SDLP and Fianna Fail 'historic partnership' a bid to break deadlock in Northern Ireland politics
The SDLP and Fianna Fail have announced an "historic partnership" in a bid to to break the "cycle of vacuum and division" in Northern Ireland politics.
SDLP leader Colum Eastwood, speaking Artola House in Belfast on Thursday, said the people of Northern Ireland had been failed by politicians since Stormont collapsed more than two years ago.
He said: "I hope and believe it [the partnership] marks an important contribution in finally breaking the cycle of vacuum and division which has failed our people over the last two years."
The two parties had been in talks for some time and a possibility of a full merger was once on the cards.
Mr Eastwood said his discussions with Fianna Fail leader Micheal Martin began as a direct result of the Brexit referendum result and the collapse of Stormont.
"Our engagement since then has always been focused on how we collectively respond to the defining change which the politics of these islands are currently experiencing," he said.
"As political leaders, we have thought deeply as to how best to respond and act right now- and how best we respond and act for the generations to come."
The SDLP leader referenced the recent car bomb in Londonderry, saying it "underlined the fragility with which we are now living".
"As we should all know by now, political vacuums never end well in Northern Ireland," he said.
"It is a disgrace that our people have been asked to live with it for this long."
"Faced with this deepening crisis, our challenge is to think deeper and to look longer. We understand that it will not be enough to just firefight the consequences of Brexit- to do so it too narrow a response to what is too big a moment in our history."
Mr Eastwood said the two parties have agreed to work in partnership on an "unprecedented programme" of public engagement in Northern Ireland.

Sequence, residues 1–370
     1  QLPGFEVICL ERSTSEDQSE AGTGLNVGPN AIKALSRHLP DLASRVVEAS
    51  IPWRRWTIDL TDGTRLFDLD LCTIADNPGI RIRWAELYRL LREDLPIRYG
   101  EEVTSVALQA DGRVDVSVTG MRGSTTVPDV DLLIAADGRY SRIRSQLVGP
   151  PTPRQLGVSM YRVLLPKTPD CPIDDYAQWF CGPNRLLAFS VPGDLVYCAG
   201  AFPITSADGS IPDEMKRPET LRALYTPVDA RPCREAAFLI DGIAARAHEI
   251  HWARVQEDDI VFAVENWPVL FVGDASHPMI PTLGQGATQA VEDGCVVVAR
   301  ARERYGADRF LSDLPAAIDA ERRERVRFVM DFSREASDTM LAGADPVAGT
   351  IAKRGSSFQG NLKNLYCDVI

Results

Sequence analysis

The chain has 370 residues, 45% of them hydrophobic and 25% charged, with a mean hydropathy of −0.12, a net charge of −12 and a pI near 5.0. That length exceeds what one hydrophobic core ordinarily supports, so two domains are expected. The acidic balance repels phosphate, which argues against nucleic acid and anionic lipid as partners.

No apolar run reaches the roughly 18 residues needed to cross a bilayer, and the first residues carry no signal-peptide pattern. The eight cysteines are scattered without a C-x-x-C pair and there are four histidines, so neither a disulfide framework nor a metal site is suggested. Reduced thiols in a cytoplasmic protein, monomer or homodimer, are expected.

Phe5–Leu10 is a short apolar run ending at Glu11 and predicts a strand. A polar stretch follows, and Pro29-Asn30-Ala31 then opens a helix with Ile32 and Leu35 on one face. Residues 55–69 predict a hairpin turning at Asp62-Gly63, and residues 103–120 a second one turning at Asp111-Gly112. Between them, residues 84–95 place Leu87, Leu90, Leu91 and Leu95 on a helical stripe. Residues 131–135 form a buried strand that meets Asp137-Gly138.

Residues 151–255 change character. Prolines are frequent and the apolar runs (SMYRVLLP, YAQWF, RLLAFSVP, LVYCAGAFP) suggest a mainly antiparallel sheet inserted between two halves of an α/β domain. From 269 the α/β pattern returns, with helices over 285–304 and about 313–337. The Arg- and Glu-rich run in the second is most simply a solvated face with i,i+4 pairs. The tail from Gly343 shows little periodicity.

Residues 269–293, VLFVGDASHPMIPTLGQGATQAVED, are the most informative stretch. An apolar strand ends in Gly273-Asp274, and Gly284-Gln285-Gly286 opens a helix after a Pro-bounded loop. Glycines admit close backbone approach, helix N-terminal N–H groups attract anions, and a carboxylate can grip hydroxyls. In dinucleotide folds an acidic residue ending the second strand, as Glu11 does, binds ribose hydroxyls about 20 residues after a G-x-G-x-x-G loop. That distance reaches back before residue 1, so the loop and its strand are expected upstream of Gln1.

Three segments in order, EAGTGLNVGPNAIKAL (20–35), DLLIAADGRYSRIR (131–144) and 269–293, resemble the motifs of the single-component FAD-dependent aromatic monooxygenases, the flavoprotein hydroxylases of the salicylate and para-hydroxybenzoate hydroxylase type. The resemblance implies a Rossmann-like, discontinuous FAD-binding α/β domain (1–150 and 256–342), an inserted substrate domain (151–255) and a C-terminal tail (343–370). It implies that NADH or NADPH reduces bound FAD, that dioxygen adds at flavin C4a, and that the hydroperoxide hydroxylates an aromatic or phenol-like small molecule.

The Foyle MLA said the parties will cooperate on building better public services, "uniting Ireland's people" and finding a way to make politics work in Northern Ireland.
He said the SDLP membership with have the "final say" on the partnership, but said he was confident the partnership was right for his party and the people it serves.
Fianna Fail leader Michael Martin said he was proud the two parties had agreed to work together and they "have shared much and have achieved much over the years".
"So it was obvious that we should discuss ways that we might work together at this time of crisis," he added.
"The focus of our discussions has, at all stages been on how to develop a new agenda for Northern Ireland and for Ireland as a whole. There is a desperate need to shift the focus away from an obsession with who holds power and onto the much more important issue of what is done with that power.
The Fianna Fail leader added: "There is also overwhelming admiration for the SDLP for its bravery, vision and leadership at critical moments – for the fact that in the face of dramatic odds it has remained a powerful voice for a nationalist and republican vision of our future.
"It is a non-sectarian party which has proven time and again that it puts people before politics.
"Its heroes are our heroes.
"That is why we are very happy to agree the partnership which is being announced today."
Belfast Telegraph Digital